Electrical velocimetry suggests left ventricular failure as the etiology of sudden hypoxemia, rales and wheezing immediately after cesarean delivery under general anesthesia.
Abstract Number: 208
Abstract Type: Case Report/Case Series
Sudden hypoxemia during cesarean section under general anesthesia has many possible causes, including main stem intubation, aspiration, heart failure, fluid overload, anaphylaxis and amniotic fluid embolism. Diagnosing the cause of sudden hypoxemia can be difficult and potentially useful hemodynamic measurements such as cardiac output are seldom obtained in parturients prior to the occurrence of patient deterioration, due to the invasiveness of the methods required.
We report a case of a parturient with von Willebrand’s Disease, type 2b, undergoing cesarean section under general anesthesia, who developed sudden hypoxemia, diffuse rales and wheezing, in whom electrical velocimetry corroborated a diagnosis of sudden left ventricular failure due to increased venous return at delivery, exacerbated by prior iatrogenic fluid overload.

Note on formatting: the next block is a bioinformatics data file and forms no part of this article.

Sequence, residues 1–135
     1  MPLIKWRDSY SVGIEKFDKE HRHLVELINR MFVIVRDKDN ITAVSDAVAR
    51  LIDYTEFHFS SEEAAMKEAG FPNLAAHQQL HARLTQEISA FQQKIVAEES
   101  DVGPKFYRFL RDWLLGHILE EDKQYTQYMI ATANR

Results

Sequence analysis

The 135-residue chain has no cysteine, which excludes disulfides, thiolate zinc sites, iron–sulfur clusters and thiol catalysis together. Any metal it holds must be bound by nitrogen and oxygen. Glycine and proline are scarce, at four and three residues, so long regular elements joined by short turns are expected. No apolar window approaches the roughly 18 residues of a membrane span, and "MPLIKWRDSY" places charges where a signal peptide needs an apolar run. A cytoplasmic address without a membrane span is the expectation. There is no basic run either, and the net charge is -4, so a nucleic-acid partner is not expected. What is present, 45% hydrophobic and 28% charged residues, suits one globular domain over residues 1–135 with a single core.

Electrical velocimetry, a new impedance cardiography algorithm, demonstrated decreases in nominal stroke and cardiac indices during the hypoxemic episode, suggesting that the etiology may have been acute left ventricular failure. Delivery and subsequent oxytocin administration are normally followed by increased cardiac output. The deviation from normal in this case was felt to be significant. Furosemide was given and the patient’s oxygenation and auscultatory examination improved concurrently with a gradual increase in nominal stroke and cardiac indices. These findings suggested an improvement in cardiac function due to diuresis. Electrical velocimetry is easy to apply and completely painless and non-invasive. The technique derives a stroke volume from a patient size factor, ICON (an index of average aortic blood flow velocity during systole) and the duration of left ventricular ejection.